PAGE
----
Alberta Finance Minister Doug Horner claims retrogressive changes are needed to make public sector pension plans "sustainable." The Labour Coalition on Pensions hired Vancouver-based actuarial firm George & Bell Consulting to look at the plans' sustainability. The study concludes that those plans, which currently have an unfunded liability will likely return to fully funded status within nine years. At that time, the contribution rate could be reduced by as much as five per cent. The study makes clear that the claims of a crisis in the pension system are unfounded. The study confirms the conclusion of the Local Authorities Pension Plan, the largest of the public service plans, which is recommending no changes.

Pension plans are not in crisis now, but the solutions proposed by both the PCs and Wildrose are a direct threat to future viability.

United Nurses of Alberta President Heather Smith points out: "The government's plan for pension cuts is unjustified, unfair and reckless. In the name of sustainability, they're actually going to make the plans less sustainable by tying the hands of the people who manage the plans and undermining the confidence of the workers and employers who participate in the plans."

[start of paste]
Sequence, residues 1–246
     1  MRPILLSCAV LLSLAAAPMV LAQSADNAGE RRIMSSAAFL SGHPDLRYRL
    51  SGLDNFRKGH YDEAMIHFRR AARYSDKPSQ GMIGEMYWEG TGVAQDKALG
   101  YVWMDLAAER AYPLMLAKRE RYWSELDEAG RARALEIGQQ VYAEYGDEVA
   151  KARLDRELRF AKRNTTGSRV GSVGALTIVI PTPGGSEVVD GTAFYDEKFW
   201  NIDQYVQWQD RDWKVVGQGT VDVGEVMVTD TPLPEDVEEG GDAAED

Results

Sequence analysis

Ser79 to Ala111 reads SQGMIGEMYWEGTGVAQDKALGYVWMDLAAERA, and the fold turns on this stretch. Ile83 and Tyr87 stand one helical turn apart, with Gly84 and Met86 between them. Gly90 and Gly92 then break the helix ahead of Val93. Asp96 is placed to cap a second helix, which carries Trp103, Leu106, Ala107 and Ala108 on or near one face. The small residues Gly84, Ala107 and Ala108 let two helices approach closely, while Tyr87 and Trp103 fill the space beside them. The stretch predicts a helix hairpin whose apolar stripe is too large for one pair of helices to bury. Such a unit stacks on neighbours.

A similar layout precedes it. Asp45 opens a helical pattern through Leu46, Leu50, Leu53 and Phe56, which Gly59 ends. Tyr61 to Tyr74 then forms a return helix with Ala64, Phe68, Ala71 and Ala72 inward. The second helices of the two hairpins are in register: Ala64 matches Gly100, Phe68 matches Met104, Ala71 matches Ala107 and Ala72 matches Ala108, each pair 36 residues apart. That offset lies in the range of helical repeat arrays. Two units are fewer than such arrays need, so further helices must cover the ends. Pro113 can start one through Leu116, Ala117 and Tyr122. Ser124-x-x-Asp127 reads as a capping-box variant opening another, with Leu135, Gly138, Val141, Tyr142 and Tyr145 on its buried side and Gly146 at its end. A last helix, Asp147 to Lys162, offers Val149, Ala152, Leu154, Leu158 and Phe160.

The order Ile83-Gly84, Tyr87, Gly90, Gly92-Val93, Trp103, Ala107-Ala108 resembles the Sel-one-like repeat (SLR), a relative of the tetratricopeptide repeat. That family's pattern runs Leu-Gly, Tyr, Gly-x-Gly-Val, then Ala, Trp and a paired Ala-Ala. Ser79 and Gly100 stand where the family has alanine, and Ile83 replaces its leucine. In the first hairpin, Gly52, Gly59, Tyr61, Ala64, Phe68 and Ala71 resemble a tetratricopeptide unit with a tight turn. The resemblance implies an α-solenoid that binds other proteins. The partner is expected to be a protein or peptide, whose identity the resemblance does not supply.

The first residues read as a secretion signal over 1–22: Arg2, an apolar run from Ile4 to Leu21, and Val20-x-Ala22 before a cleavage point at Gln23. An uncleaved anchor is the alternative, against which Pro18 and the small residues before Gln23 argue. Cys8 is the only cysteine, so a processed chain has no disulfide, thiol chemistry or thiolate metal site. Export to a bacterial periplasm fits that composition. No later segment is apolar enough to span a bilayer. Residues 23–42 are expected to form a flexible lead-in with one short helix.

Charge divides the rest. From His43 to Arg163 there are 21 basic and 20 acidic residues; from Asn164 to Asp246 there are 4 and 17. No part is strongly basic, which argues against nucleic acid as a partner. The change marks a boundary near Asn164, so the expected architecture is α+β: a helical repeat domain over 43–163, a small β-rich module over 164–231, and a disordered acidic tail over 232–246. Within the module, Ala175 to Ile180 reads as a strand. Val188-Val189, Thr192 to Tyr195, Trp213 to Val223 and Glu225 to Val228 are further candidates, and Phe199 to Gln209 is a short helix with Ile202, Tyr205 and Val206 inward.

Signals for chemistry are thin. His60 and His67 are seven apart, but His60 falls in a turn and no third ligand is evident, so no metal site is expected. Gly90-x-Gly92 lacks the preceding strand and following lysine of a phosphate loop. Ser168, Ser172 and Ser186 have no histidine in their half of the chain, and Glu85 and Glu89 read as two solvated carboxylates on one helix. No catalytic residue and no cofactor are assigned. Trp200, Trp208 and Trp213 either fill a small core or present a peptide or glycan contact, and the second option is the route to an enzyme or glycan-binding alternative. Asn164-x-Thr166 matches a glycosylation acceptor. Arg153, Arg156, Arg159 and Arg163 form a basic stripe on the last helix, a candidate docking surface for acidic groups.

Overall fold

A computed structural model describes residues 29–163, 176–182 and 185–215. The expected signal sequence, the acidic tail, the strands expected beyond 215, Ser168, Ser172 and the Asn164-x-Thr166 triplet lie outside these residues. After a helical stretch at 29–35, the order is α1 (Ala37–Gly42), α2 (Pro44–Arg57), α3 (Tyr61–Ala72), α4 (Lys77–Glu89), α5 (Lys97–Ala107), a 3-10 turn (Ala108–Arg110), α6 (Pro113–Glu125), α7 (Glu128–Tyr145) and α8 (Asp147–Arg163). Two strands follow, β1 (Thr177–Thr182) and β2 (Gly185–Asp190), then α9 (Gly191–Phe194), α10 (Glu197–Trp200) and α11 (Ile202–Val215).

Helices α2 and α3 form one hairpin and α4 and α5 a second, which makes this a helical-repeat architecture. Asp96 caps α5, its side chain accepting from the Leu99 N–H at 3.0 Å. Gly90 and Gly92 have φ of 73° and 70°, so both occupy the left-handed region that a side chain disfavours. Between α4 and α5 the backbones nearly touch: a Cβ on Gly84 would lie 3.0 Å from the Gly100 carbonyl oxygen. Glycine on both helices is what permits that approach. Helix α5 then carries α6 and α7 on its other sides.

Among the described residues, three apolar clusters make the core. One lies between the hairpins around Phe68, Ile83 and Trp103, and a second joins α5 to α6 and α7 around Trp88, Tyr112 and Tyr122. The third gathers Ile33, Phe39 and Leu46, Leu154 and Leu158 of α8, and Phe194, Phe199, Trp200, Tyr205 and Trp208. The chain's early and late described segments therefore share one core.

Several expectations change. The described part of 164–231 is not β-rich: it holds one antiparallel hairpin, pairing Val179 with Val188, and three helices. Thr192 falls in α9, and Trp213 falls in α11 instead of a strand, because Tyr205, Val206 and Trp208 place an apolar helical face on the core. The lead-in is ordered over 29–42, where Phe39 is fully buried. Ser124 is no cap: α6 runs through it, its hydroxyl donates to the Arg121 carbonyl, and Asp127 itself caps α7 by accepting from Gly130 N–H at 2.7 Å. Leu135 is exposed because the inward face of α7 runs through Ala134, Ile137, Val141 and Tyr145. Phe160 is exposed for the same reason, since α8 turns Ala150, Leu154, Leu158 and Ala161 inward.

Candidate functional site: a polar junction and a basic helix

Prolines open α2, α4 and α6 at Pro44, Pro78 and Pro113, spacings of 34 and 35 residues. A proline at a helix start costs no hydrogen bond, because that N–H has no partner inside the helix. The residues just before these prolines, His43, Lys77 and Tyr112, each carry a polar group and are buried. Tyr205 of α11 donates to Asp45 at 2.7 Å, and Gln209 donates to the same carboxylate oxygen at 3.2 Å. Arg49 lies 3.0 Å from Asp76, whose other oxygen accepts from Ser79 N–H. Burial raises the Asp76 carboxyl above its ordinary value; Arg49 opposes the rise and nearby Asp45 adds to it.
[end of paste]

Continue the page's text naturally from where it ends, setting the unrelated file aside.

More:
The proposed changes would mean that the pension plan would cost more and provide lower and less secure benefits. This would discourage people working less than 30 hours a week from joining the plan, in turn further destabilizing the plan, Smith said.

Privatizing Public Services Destroys Pensions

Elisabeth Ballermann, President of the Health Sciences Association of Alberta, points to the situation facing hospital lab workers in Edmonton. Alberta Health Services (AHS) plans to turn over Edmonton labs to private monopoly interests. Lab workers would no longer have a pension. Privatizing public assets has already deprived thousands of workers of a pension and dignity and security in retirement. Instead of attacking workers who have pensions, Ballermann said, governments must act to provide pensions for all.